solved until an adequate general theory of value should be developed. The present book thus represents investigations which run through a good many years, and to which the major part of the past six years has been given. On the basis of this general theory of value, and a dynamic theory of money and exchange, our positive conclusions regarding the value of money are reached. On the same basis, a psychological theory of credit is developed, in which the laws of credit are assimilated to the general laws of value. In a final section, the constructive theory of the book is made the basis for a “reconciliation” of “statics” and “dynamics” in economic theory—an effort to bring together the abstract theory of price (i. e., “statics”) which has hitherto chiefly busied economists, and the more realistic studies of economic change (i. e., “dynamics”) to which a smaller number of economists have given their attention. These two bodies of doctrine have hitherto had little connection, and the science of economics has suffered as a consequence. This book was not written with the college student primarily in mind. None the less, I incline to the view that the book, with the exception of the chapter on “Marginal Utility,” is suitable for use as a text with juniors and seniors in money and banking, if supplemented by some general descriptive and historical book on the subject, and that the whole book may very well be used with such students in advanced courses in economic theory. I think that bankers, brokers, and other business men who are interested in the general problems of money, trade, speculation and credit, will find the book of use. Naturally, however, it is my hope that the special student of money and banking, and the special student of economic theory will find the book of interest. The book may interest also certain students of philosophy and sociology, who are concerned with the applications of philosophy and social philosophy to concrete problems. My obligations to others, running through a good many years, are very great. With Professor E. E. Agger, I talked over very many of the problems here discussed, in the course of two years of close association at Columbia University, and gained very much from his suggestions and

criticisms. Professor E. R. A. Seligman has read portions of the manuscript, and given valuable advice. Professor H. J. Davenport has given the first draft an exceedingly careful reading, and his criticisms have been especially helpful. Professor Jesse E. Pope supervised my investigations in the quantity theory of money in 1904–5, in his seminar at the University of Missouri, and gave me invaluable guidance in the general theory of money and credit then. More recently, his intimate first hand knowledge of European and American conditions, both in agricultural credit and in general banking, has been of great service to me. Mr. N. J. Silberling, of the Department of Economics at Harvard University, has been helpful in various ways, particularly by making certain statistical investigations, to which reference will be made in the text, at my request. Various bankers, brokers, and others closely in touch with the subjects here discussed have been more than generous in supplying needed information. Among these may be especially mentioned Mr. Byron W. Holt, of New York, Mr. Osmund Phillips, Editor of the Annalist and Financial Editor of the New York Times, Messrs. L. H. Parkhurst and W. B. Don-ham, of the Old Colony Trust Company in Boston, various gentlemen in the offices of Charles Head & Co., and Pear-main and Brooks, in Boston, Mr. B. F. Smith, of the Cambridge Trust Company, Mr. W. H. Aborn, Coffee Broker, New York, Mr. Burton Thompson, Real Estate Broker, New York, Mr. Jas. H. Taylor, Treasurer of the New York Coffee Exchange, Mr. J. C. T. Merrill, Secretary of the Chicago Board of Trade, DeCoppet and Doremus, New York, and Mr. F. I. Kent, Vice President of the Bankers Trust Company, New York. My greatest obligations are to two colleagues at Harvard University. Professor F. W. Taussig has given the manuscript very careful consideration, from the standpoint of style as well as of doctrine, and has discussed many problems with me in detail. Professor O. M. W. Sprague has placed freely at my service his rich store of practical knowledge of virtually every phase of modern money and banking, and has read critically every page of the manuscript. None of these gentlemen, of course, is to be held responsible for my mistakes.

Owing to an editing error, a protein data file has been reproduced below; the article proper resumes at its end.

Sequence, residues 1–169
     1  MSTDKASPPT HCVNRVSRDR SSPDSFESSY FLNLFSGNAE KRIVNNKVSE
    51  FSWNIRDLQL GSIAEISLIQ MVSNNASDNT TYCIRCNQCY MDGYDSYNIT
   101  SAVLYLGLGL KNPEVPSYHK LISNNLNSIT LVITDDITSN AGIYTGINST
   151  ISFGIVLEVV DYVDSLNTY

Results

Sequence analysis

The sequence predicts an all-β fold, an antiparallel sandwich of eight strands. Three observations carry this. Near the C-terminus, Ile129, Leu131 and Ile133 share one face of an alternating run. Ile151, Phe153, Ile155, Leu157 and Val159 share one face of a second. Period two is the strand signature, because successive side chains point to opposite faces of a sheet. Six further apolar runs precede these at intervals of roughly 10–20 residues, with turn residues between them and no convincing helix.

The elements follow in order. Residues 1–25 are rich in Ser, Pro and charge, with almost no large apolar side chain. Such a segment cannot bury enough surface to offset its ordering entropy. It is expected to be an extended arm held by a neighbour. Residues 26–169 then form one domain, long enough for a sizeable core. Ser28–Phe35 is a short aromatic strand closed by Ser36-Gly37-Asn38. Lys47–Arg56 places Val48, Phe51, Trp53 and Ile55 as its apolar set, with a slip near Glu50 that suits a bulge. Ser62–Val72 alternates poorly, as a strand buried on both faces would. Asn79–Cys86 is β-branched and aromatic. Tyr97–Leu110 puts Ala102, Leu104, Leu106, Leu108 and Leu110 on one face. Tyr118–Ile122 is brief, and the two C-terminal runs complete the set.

I also make grateful acknowledgment of the aid and sympathy of my wife. In the course of the discussion, frequent criticisms are directed against the doctrines of Professors E. W. Kemmerer and Irving Fisher, particularly the latter, as the chief representatives of the present day formulation of the quantity theory. Both their theories and their statistics are fundamentally criticised. I find myself in radical dissent on all the main theses of Professor Fisher’s Purchasing Power of Money, and at very many points of detail. To a less degree, I find myself unable to concur with Professor Kemmerer. But I should be sorry if the reader should feel that I fail to recognize the distinguished services which both of these writers have performed for the scientific study of money and banking, or should feel that dissent precludes admiration. I acknowledge my own indebtedness to both, not alone for the gain which comes from having an opposing view clearly defined and ably presented, but also for much information and many new ideas. My general doctrinal obligations in the theory of money and credit are far too numerous to mention in a preface. My greatest debt in general economic theory is to Professor J. B. Clark. B. M. ANDERSON, JR. HARVARD UNIVERSITY, March 31, 1917.